Best ways to fertilize Raised Garden Beds should be chosen after careful consideration and planning. This is because the method should be according to your soil type and the type of plants you have. Fertilizing is a process of adding nutrients, to the soil in order for it to sustain life. There are two types of fertilizers – one that are chemical in nature and the other which uses organic substances for the fertilization. While choosing the first, you must choose those that have a low toxicity level. You can use these for plants that do not need much frequent application, such as vegetables and flowers.
1. Crop Rotation
Different types of plants require different types of fertilizers. Crop rotation is one of the effective ways to fertilize raised garden beds soil, especially if done after seeding the first crop. This will ensure the soil has the right amounts of nutrients needed for the next crop.
2. Applying Fertilizer Directly to the Soil
Fertilizers can also be applied directly to the soil. This method is more effective because it has a higher delivery rate than that of inorganic fertilizers. However, this method also has a downside. Because it is made of natural materials, it may have unwanted effects on the soil. This method also takes a longer time to deliver results because of the slower rate of nutrient absorption in the soil.
3. Fertilizing in Winter and Spring
Once you have decided what type of fertilizer to use, it is important to know how to properly apply it. It is advised that heavy applications are done on the winter and spring seasons. Apply fertilizer just before the first frost. Be sure to remove all snow from the surface before applying fertilizer to prevent damage to the lawn.
4. Depth of Fertilizer Application
Be sure to dig a hole eight to ten inches deep. The depth of the fertilizer application will depend on the amount of grass you have. Also, keep in mind that you should always go over the grass with a spade. This will help ensure the best results come from the fertilizer. After digging, cover the area with a plastic tarp. This will help keep dust or other debris from accumulating.
5. Placing Layer of Organic Mulch
After the area has been treated, place a layer of organic mulch in the hole. This will help condition the soil and provide nutrients to the grass. Mulch also keeps weeds from growing and adds an extra layer of protection for the soil.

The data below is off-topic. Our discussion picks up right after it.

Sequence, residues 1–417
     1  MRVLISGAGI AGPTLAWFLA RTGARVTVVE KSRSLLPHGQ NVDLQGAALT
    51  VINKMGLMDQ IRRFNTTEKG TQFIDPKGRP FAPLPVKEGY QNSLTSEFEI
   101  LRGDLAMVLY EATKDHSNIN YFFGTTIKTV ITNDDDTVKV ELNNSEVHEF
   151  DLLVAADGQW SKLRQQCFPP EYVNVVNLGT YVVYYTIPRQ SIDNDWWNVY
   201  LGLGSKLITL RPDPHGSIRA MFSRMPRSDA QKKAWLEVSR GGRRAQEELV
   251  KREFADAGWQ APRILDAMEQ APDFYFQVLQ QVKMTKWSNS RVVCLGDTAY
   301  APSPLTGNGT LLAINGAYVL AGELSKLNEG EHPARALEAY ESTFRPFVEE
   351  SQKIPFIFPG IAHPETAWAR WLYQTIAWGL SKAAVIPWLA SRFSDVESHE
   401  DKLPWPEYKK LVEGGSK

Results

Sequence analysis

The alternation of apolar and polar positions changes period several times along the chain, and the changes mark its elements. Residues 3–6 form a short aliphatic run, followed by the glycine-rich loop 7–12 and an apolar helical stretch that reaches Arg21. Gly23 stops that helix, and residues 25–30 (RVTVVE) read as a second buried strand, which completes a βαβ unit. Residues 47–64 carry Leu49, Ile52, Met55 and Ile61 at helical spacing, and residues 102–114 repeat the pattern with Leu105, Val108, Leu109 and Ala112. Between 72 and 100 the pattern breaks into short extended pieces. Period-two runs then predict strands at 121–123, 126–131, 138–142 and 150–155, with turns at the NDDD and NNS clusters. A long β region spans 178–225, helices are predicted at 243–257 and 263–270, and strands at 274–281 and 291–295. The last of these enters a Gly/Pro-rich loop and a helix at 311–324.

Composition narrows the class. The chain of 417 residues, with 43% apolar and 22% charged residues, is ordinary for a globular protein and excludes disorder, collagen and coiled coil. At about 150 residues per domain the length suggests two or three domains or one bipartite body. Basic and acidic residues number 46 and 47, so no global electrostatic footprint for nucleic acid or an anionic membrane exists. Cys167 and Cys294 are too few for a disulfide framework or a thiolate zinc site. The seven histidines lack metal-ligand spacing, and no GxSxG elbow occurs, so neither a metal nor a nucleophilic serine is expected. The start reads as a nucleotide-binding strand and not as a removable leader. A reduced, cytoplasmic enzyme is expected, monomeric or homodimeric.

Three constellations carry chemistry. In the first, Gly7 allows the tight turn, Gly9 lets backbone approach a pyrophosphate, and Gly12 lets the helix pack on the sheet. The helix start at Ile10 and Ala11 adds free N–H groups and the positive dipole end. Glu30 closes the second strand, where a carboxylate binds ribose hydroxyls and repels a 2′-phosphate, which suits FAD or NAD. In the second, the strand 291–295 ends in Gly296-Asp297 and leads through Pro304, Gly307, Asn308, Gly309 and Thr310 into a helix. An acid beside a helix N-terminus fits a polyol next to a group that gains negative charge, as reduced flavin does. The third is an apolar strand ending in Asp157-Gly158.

6. Fertilizers for Alkaline and Acidic Soils
Make sure you know your soil’s needs. Use low nitrogen, high-phosphorus and high-potassium fertilizers for acidic soils, and potassium (caustic) and magnesium (precipitate) for alkaline soils. Different fertilizers have different effects on the garden beds. Fertilizer concentrations, additives and amounts can be found on the package, or by talking to a garden center representative.
7. Applying Organic Fertilizers
Be sure to use organic fertilizers. While these tend to be more expensive, they are also better for the environment. Be careful, though, to mix up the fertilizers and use caution when applying. Test the fertilizer and make sure it is mixed thoroughly before using. If unsure, test the soil first, then make your application.
8. Applying Fertilizer Granules
Fertilizer granules are convenient because you can sprinkle them on the soil, put them in a bag and apply with a garden hose. Be sure and mix up the granules well, though, or they will not remain fluffy and release nutrients. Fertilizer granules also save time in the composting process. Add the granules to your compost bin early in the morning or late in the evening before turning in the bed.
9. Applying Slow-release Fertilizer
A slow release fertilizer, which releases slowly over several weeks, is the best choice for grass and for covering hard surfaces like stone and concrete. This type of fertilizer granules is easy to use and does not burn the soil, so it is good to have around during the spring and summer. Another advantage of this slow release fertilizer is that you do not have to wait for a lush green lawn to appear before applying it. You just add it, leave it seeps into the soil over several weeks, providing the nutrients and moisture needed to make the grass grow back and bloom.
10. Combining Fertilizers (Best Method)
One of the best ways to fertilize Raised Garden Beds is to combine fertilizers. If you use different fertilizers, you may end up with depleted soil that is not healthy. By combining fertilizers, you give the soil the essential nutrients for a healthy lawn and garden. Fertilizers used together to make the soil more nutrient-rich than any other materials. In addition, mixing fertilizers will help keep the cost down of using these fertilizers over time.